XP Install Process
Boot the machine using the System Disk (Disk 1). This will load up Windows 98 of all things. Select the language, and then you must click on an icon that looks like a spanner and some bubbles (top left). This is the only option, and it is for restoring the system to the factory original state.
Once you have confirmed that you do want to erase anything currently on the hard disk, then you should go about resizing the hard disk. At this point you can only really create a single partition. And, assuming that there is nothing else on the machine, this will probably currently be the whole disk. Obviously, you need to change this for a dual boot system. It is extremely important to choose the correct parition size. It is a lot of hassle to change it at a later date. I chose to give Windows XP half of the disk, and moved the slider to 9958Mb. All three of the other paritions I created were done at a later stage.
After clicking OK at the end of the previous stage, you asked to insert the Recovery CD. You should insert the correct CD for the OS that you are installing. A point to note is that I had trouble if I didn't wait for the CD to spin-up before clicking. Hence, stick it in and wait for a little while.
Once you have clicked on OK, Symantec Ghost appears and start copying files onto the drive.You should be able to read that it is copying it into a partition of the correct size. It is copying it as FAT, so we will have to change that later.
Once Ghost has done its bit, the CD will be ejected automatically, so look out for your coffe mug if it is to the left of the machine. You will also be asked to insert CD 1 once more. Remember to let it spin-up again.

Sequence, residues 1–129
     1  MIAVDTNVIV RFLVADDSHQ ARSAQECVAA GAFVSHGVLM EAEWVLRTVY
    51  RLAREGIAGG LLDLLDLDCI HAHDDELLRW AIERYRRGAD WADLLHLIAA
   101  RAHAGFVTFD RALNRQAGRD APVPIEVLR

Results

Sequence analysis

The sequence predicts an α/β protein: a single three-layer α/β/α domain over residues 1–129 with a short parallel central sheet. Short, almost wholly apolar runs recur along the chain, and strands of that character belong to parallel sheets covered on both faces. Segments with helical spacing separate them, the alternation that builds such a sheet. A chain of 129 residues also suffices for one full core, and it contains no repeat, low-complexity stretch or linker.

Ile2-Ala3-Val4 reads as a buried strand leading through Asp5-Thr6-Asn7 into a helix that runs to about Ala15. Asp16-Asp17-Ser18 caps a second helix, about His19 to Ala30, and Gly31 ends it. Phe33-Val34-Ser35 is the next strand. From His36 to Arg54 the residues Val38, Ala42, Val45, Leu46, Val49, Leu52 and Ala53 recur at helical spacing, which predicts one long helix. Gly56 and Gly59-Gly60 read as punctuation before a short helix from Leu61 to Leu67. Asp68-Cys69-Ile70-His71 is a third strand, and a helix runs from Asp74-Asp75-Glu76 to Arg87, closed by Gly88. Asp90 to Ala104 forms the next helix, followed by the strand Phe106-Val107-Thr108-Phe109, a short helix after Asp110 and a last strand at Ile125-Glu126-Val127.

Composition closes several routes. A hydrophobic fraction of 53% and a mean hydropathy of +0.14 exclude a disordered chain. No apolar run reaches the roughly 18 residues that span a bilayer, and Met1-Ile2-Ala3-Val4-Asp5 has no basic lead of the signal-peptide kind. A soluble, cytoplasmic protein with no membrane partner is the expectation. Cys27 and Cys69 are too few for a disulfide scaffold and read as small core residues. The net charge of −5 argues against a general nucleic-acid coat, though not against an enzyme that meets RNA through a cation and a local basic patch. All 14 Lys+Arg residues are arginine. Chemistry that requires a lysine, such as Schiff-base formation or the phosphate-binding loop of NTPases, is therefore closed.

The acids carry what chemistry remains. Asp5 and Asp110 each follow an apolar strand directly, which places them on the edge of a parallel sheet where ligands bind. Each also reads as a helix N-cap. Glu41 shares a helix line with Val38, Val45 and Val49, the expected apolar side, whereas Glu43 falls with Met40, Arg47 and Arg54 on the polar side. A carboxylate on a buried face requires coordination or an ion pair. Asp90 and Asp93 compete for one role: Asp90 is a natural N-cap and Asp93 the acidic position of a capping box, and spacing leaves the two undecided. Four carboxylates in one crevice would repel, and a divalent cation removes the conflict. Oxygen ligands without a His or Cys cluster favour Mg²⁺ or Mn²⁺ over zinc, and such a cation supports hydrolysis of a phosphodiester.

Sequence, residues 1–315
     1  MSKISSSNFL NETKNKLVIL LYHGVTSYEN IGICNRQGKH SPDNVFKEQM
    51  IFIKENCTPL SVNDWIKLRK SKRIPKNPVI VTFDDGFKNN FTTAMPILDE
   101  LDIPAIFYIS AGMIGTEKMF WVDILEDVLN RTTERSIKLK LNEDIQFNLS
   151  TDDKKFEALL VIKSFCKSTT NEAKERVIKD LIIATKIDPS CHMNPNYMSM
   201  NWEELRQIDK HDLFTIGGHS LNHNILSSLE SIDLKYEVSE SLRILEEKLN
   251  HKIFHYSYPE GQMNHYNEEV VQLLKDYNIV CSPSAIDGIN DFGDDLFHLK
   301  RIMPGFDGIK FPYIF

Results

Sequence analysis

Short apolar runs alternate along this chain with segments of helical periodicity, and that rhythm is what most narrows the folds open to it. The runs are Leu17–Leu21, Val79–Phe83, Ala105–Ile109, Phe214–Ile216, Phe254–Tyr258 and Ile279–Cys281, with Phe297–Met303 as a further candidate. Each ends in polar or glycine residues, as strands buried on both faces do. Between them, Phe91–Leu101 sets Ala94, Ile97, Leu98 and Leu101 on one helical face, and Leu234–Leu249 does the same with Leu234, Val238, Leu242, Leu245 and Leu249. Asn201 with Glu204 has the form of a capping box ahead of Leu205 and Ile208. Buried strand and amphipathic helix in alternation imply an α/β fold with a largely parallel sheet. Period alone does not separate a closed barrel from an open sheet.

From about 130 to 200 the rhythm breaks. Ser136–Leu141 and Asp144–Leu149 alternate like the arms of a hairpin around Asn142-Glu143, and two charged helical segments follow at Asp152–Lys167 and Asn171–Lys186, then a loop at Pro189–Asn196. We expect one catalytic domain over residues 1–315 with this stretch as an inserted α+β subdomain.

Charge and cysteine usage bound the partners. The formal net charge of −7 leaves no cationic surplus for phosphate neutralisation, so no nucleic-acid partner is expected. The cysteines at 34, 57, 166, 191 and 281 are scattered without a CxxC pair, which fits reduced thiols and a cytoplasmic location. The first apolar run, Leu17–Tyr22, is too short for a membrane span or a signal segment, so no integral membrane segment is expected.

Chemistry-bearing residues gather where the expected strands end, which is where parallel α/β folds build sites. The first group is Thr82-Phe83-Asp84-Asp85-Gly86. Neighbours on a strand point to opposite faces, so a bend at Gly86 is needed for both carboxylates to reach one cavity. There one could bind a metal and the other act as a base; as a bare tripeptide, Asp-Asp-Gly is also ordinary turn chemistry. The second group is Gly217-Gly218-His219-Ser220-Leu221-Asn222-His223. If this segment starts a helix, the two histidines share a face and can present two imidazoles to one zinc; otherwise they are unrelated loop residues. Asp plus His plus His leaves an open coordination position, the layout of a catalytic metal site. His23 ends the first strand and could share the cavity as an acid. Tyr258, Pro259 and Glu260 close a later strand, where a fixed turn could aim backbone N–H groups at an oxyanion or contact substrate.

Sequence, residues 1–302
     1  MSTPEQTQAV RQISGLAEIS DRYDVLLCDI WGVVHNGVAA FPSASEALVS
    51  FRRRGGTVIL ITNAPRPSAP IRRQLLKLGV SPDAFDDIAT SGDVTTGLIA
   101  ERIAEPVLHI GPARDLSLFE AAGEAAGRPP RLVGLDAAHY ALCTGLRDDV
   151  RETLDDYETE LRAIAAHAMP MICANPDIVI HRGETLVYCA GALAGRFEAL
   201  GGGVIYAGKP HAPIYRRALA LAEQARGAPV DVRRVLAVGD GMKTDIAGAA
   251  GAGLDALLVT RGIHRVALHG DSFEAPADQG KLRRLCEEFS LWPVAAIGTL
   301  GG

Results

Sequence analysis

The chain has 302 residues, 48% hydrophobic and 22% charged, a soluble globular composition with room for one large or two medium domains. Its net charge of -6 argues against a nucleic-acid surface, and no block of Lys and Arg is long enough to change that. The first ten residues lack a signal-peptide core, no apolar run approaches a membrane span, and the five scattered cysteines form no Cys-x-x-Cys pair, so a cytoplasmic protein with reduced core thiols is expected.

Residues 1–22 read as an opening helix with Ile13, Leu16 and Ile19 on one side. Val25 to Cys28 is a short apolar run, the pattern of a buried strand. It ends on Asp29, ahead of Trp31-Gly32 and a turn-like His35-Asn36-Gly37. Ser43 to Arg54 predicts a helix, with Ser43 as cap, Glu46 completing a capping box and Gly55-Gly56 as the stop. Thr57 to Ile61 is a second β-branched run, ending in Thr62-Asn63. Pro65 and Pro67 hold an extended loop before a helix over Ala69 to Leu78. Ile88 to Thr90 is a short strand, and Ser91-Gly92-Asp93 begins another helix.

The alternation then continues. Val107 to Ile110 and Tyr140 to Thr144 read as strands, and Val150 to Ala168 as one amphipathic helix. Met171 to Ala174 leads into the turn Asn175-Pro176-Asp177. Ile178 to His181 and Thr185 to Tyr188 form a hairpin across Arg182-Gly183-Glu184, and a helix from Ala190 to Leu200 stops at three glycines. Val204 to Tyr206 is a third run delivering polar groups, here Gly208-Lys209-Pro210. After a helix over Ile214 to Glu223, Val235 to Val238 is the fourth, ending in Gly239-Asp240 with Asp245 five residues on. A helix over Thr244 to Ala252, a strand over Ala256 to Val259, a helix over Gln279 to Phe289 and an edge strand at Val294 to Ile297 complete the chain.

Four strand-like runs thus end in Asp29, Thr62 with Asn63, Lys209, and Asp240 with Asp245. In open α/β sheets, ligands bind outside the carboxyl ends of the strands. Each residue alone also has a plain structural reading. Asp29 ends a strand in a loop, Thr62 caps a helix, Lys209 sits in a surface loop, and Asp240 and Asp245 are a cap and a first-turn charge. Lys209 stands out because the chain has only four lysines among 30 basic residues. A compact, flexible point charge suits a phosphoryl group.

The System CD is needed once more for Windows 98 but this time it launches a program that copies files from the System CD.
At the end of this stage, the CD will be ejected automatically once more. The System and Recovery CDs can now be stored away safely somewhere.
Windows XP will now start copying the files it needs, It may pause for quite some time while doing this. The installation automatically moves onto the next stage by rebooting.
Windows XP will now start copying yet more files.
Caveat: When the machine reboots, if the hard disk does not have a standard Master Boot Record (MBR), then it will not boot properly. This might be because you have already installed Linux. In this situation, turn to your trusted GRUB boot disk. It will allow you to boot manually.
Yes, it has finally got to a position where it can start installing! On the 273, it gives a time estimate of about forty minutes for this stage. There isn't much to do while it is installing.
At the end of this stage, the machine will reboot automatically once more.
Don't know what it is doing at this stage, but it seems to be running 'update' at a DOS prompt a lot. I installed without a network connection so maybe it would be different with a connection.
At the end of this stage, the machine will power down but NOT reboot.
Caveat: That CD tray just can't stay shut!
After restarting the machine, you will be presented with the Windows XP Setup Wizard.
Obviously, you should say yes to the agreement. If you're curious, then clicking 'no' just powers down the machine.
When setting up the local information take care to specify your keyboard. I always make sure to remove the US keyboard (although it will say that it can't do it just yet).
Once this stage finishes, Windows reboots yet again.
At last, you're at the final stage. In this stage, it seems to spend some time setting up files. The desktop has changed to Acer's goldfish however.
After this stage is complete, the machine will reboot once more. Next time you log in, the machine will be yours. However, you may want to set up the partitions before doing anything else. I personally recommend setting up Linux after this and coming back and installing Windows software once you have a Linux partition booting.